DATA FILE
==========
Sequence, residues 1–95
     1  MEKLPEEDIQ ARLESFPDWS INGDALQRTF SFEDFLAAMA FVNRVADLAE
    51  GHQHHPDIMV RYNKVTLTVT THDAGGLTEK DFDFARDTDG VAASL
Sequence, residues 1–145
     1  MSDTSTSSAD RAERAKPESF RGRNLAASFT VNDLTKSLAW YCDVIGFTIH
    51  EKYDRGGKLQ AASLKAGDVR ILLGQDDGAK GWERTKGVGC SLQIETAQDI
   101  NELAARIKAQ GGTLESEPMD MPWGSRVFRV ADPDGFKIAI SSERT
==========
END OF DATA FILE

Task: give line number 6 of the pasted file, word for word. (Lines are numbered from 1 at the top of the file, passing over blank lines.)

    51  EKYDRGGKLQ AASLKAGDVR ILLGQDDGAK GWERTKGVGC SLQIETAQDI